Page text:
Atlas of Miniature Adventures: A Pocket-Sized Collection of Small-Scale Wonders by Emily Hawkins, illustrated by Lucy Letherland
Like Things That Grow and Animal Journeys, Atlas of Miniature Adventures is appropriately a small book that has a charm of its own. The story is a kind of scavenger hunt around the world for tiny marvels that include the world’s smallest primate, the world’s smallest postal service, and the world’s smallest sea horse. Because this book is an Atlas, the focus is on where the miniature marvels are located and maps are conveniently provided at the start of each chapter with each wonder tagged. Science and geography are combined to catch the interests of kids who like Ripley’s Believe It or Not type of books. I like how this book helps kids get a better sense of where countries are located. There’s also a gaming aspect to this book, hidden throughout the pages are things to find. Try this book with your gamer! [nonfiction picture book, ages 6 and up]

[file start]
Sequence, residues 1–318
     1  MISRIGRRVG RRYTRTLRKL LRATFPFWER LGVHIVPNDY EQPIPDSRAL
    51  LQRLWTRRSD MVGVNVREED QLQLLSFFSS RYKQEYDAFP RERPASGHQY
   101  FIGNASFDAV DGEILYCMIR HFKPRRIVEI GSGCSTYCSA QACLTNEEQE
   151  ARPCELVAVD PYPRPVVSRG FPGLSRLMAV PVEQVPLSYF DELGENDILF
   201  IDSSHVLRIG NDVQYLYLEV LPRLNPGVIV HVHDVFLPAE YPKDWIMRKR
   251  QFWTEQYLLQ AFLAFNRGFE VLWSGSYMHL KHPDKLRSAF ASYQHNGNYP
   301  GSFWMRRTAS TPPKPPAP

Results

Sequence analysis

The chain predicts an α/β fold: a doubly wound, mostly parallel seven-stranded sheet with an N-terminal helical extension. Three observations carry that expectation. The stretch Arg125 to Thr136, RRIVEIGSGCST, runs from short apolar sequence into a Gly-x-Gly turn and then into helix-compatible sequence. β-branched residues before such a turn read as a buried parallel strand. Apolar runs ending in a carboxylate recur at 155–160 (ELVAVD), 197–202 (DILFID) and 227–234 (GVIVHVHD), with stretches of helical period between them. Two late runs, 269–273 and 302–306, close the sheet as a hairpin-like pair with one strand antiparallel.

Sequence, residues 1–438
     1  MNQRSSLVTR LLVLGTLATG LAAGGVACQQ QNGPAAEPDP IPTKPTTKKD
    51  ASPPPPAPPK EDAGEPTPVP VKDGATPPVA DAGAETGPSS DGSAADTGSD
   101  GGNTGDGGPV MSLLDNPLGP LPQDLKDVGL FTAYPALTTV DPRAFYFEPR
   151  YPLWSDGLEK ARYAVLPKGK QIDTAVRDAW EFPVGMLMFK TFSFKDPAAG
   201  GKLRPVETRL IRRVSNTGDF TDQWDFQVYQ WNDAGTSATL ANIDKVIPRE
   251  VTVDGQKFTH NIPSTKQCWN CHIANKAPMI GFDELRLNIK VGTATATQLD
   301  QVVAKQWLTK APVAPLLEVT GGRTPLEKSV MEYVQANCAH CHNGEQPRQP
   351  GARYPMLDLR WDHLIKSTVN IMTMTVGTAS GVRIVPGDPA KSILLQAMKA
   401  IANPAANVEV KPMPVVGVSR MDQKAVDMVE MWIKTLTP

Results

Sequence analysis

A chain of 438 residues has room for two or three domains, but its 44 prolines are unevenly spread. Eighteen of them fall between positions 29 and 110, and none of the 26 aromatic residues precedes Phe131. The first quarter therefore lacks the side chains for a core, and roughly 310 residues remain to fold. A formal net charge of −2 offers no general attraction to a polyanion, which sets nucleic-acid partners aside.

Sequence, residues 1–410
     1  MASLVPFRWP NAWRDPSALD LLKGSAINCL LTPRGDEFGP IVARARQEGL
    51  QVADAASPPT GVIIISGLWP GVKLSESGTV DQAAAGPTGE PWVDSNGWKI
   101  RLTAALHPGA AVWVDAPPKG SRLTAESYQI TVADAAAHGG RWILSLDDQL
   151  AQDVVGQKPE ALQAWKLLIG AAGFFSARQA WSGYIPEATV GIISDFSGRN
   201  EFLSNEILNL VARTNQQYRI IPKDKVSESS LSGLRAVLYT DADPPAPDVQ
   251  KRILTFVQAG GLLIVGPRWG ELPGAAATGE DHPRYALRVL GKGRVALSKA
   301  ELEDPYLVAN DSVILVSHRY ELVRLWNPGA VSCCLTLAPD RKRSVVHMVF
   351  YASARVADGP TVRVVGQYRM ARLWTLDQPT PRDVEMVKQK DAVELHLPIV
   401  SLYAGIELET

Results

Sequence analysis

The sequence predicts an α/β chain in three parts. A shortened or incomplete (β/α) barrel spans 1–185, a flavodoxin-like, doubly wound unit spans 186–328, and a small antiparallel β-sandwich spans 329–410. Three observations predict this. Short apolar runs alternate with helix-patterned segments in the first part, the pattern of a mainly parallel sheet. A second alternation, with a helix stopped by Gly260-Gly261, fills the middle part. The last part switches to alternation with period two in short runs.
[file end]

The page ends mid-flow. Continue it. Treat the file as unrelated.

Curious Constructions: A Peculiar Portfolio of Fifty Fascinating Structures by Michael Hearst, illustrated by Matt Johnstone
The illustrations in this book are not as appealing as the rest of the books on the page, and I wish there were photographs included of each of the fifty structures. Still, future architects will like learning about structures that are eye-catching. [nonfiction advanced picture book, ages 8 and up]
5 Nonfiction Book Giveaway
I’m giving away 5 books to 5 winners. Please fill out the Rafflecopter below and also list your first, second, and third choice in the comments below. I can only ship to U.S. addresses due to the high cost of shipping.
- Things That Grow
- Animal Journeys
- A River
- Boys Dancing
- Curious Structures
To examine any book more closely at Amazon, please click on image of book.
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p.s. Related posts:
BEST #OWNVOICES CHILDREN’S BOOKS: My Favorite Diversity Books for Kids Ages 1-12 is a book that I created to highlight books written by authors who share the same marginalized identity as the characters in their books.